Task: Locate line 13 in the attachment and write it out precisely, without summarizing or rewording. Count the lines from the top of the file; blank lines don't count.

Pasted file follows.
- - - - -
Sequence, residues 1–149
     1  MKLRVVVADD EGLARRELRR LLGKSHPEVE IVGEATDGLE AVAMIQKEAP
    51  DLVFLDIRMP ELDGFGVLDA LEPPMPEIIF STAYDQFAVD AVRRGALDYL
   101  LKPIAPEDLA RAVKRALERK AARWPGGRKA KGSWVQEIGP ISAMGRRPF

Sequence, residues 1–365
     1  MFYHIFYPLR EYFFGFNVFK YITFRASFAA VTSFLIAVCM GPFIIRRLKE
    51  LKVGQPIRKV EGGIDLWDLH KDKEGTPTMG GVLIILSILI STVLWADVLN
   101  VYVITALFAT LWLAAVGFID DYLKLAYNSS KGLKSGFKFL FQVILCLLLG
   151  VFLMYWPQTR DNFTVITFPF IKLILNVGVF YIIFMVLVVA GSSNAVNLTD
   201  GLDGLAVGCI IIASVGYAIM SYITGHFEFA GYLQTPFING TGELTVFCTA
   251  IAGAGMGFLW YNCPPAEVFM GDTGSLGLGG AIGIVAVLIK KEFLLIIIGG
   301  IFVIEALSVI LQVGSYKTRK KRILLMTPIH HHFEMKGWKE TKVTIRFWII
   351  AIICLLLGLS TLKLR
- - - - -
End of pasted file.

   351  AIICLLLGLS TLKLR